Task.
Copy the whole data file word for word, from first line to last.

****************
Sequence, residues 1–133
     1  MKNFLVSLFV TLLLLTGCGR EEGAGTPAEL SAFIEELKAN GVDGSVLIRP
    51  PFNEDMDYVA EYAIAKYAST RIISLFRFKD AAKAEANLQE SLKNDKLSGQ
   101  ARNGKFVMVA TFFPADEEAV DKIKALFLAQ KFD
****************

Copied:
Sequence, residues 1–133
     1  MKNFLVSLFV TLLLLTGCGR EEGAGTPAEL SAFIEELKAN GVDGSVLIRP
    51  PFNEDMDYVA EYAIAKYAST RIISLFRFKD AAKAEANLQE SLKNDKLSGQ
   101  ARNGKFVMVA TFFPADEEAV DKIKALFLAQ KFD